Being an entrepreneur feels like being a wall flower at your high school dance.  You are lonely standing on the sidelines while everyone else is out on the dance floor having a good time.  More aggravating is that when you ask someone to dance they politely reject your advances or insult you for being so bold as to imply that you even had the right to dance with them.   By the end of the evening you have a sugar high from drinking too much from the punch bowl and your self-esteem is about two sizes smaller than the start of the evening.  I seems like it takes a little courage to show up at your high school dance.

This week’s blog post I want to talk about why we keep dealing with the setbacks and challenges to try and build this business.  I hail from the Chicago metropolitan area and one of the founding fathers of this city is Daniel Burnham who was an early pioneer of skyscraper construction and chief architect of the 1893 Colombian exposition.  He said, “Make no little plans. They have no magic to stir men's blood and probably will not themselves be realized.”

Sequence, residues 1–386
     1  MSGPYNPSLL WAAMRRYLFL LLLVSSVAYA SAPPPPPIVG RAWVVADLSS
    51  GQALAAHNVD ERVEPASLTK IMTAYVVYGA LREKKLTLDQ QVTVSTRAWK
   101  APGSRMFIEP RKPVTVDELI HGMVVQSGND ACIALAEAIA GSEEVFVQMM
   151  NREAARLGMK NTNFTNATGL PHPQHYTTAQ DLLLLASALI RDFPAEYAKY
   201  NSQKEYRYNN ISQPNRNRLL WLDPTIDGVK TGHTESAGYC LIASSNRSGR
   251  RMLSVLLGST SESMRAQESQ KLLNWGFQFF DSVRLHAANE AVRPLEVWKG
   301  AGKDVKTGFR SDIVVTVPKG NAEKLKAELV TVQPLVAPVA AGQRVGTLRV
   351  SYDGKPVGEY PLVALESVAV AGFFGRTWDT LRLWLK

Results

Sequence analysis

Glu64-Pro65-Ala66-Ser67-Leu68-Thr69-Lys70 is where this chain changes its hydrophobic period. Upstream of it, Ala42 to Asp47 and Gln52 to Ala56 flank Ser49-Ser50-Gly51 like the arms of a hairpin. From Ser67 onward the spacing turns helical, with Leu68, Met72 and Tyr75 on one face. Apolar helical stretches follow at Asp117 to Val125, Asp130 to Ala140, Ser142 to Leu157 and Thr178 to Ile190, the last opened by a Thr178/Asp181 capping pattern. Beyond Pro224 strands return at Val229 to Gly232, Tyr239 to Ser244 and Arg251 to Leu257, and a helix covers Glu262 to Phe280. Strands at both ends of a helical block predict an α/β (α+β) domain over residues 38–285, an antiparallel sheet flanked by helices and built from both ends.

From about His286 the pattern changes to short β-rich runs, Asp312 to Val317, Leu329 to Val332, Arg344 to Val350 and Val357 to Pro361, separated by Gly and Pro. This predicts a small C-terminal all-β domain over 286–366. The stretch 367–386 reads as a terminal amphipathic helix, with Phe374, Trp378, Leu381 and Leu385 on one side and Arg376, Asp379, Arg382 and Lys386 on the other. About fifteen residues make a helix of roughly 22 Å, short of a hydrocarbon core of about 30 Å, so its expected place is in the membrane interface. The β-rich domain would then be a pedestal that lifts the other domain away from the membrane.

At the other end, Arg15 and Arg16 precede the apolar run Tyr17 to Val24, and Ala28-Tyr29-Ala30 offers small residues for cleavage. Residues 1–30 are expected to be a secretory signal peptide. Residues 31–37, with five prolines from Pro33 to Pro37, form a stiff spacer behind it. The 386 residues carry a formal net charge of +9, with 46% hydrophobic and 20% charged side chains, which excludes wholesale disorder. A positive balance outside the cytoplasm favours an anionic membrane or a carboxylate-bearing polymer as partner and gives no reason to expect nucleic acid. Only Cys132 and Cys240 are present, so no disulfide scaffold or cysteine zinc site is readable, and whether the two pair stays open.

I was and am tired of making small plans in my cubical.  I want to help other small and medium sized businesses leverage the power of the web and cloud based computing.  I want to get involved in philanthropy and help others with the opportunities I was fortunate to receive.  I want to be able to own my own office and lay it out the way I want.   Some of this is ego driven and the remainder is motivated by a strong desire to make the business community in my local corner of the world better.

We think that we have the tools to make that happen.  Our Sully 2.0 software makes managing inventory and bills of lading twenty four hours a day seven days a week.  We have a broad knowledge of agile management and we have the people who will help your organization manage the transition.  We are putting the finishing touches on the Tony fleet maintenance system. Finally, we can put together QR codes for you to help drive more business to your organization and web site.  This makes us poised for growth and greatness. No little plans indeed.

Contact us today and we will tell you more.

Until Next time.

Monday, August 5, 2013

The Quality Goes in Before the Software Ships Out.

I think we need to explain.
This has been an amazing week of transition for E3 systems.  We have formally been in business for three years.  We are also on the cusp of a new software release. Today I want to talk about our new product Tony and why you will have to wait a little longer before it goes live.